BIGHORN NATIONAL FOREST
BIGHORN NATIONAL FOREST
2013 Eastside 2nd Street
Sheridan, Wyoming 82801
Located in north-central Wyoming, the Big Horn Mountains are a sister range of the Rocky Mountains. Conveniently located half-way between Mt. Rushmore and Yellowstone National Park, the Big Horns are a great vacation destination in themselves. No region in Wyoming is provided with a more diverse landscape -- from lush grasslands to alpine meadows, from crystal-clear lakes to glacial carved valleys, from rolling hills to sheer mountain walls.
Visit the Bighorn National Forest and enjoy the multiple reservoirs, 32 campgrounds, 3 scenic byways, 14 picnic areas, 7 lodges, miles and miles of streams, 189,000 acres of Wilderness, 1,500 miles of trails, and much more that provide a forest experience unique to the Big Horns.
We hope this website provides you with inside information on the Big Horn Mountains - from the experiences they have to offer to the way the USFS manages their many resources. Most of all, we hope it invites you come see their spectacular beauty for yourselves.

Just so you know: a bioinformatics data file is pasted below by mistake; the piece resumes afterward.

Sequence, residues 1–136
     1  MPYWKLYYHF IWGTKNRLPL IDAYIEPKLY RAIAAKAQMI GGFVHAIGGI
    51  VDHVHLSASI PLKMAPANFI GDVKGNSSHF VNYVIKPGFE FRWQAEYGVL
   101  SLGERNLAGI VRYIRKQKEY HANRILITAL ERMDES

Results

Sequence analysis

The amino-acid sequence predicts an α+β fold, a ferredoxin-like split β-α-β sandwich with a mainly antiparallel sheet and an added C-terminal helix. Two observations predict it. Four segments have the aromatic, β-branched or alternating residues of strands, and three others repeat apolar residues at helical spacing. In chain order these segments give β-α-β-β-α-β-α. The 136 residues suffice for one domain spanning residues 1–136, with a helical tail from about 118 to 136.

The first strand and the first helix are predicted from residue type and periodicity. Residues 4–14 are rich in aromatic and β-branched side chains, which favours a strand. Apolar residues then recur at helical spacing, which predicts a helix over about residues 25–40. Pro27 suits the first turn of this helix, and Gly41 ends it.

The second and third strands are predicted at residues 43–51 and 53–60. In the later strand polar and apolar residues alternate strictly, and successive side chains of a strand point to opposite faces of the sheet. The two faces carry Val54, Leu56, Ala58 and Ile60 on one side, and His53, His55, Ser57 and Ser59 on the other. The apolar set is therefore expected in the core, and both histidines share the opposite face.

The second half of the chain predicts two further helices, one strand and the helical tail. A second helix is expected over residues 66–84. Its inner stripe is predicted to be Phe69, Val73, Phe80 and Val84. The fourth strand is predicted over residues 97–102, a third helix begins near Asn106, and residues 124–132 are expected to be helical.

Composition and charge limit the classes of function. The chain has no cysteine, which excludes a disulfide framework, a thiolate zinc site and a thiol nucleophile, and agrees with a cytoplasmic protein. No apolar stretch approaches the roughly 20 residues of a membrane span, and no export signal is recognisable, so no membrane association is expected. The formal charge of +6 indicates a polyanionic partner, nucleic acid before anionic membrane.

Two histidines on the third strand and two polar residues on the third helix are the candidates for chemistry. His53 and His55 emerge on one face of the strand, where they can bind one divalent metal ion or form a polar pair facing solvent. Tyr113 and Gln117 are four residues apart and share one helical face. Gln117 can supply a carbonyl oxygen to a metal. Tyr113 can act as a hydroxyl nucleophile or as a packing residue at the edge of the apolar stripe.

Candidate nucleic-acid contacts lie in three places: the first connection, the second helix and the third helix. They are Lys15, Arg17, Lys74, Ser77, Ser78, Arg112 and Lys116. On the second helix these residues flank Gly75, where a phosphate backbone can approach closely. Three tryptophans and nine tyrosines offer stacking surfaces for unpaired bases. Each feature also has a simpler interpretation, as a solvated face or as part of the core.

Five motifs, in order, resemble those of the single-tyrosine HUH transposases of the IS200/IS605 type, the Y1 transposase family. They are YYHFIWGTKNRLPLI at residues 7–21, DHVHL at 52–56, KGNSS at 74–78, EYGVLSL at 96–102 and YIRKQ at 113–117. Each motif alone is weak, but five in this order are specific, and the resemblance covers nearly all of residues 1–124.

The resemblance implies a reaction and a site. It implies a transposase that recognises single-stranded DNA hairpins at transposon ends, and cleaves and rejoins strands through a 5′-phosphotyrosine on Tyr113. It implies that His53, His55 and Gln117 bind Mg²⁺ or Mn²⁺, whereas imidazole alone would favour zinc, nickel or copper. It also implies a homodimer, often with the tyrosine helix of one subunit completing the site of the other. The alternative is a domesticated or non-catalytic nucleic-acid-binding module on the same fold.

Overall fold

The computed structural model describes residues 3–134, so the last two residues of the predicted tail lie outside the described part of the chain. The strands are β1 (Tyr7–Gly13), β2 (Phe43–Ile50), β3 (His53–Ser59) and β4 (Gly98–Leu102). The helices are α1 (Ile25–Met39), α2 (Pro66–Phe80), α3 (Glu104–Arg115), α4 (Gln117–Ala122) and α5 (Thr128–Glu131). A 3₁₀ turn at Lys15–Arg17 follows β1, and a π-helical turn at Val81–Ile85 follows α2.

There are many developed campgrounds throughout the Bighorn Forest. Camping can generally be enjoyed from June through September. Regulations permit camping in developed campgrounds for a maximum of 14 consecutive days. Advance reservations may be made for certain sites in specific campgrounds by calling 1-877-444-6777. Most campgrounds will have sites available on a first-come, first-served basis, as well.
Camping outside of a campground is allowed on many areas of the Forest. Regulations permit camping in dispersed areas for a maximum of 21 days in Wyoming, however you should consult with your local Forest Service office for regulations regarding this and other activities.
Reservations are not required for camping in the Cloud Peak Wilderness. However, it is required that visitors to the Wilderness register with the Bighorn National Forest, which can be done at major trailheads and in Forest offices.
Campgrounds and trails in the Bighorn National Forest are subject to severe winter weather conditions, year round. Due to this variability, the Forest cannot guarantee that all facilities will continue to be open throughout the season. The information contained in this web site will be updated as time and situations allow.
For your safety, obtain your drinking and cooking water from potable water sources such as well pumps or water hydrants. If potable water is not available, boil water from lakes or streams for 5 minutes or use other purification methods.
Campgrounds are expensive to maintain. Please accept the challenge to take home your litter and garbage, thus allowing limited maintenance funds to be utilized for other maintenance chores.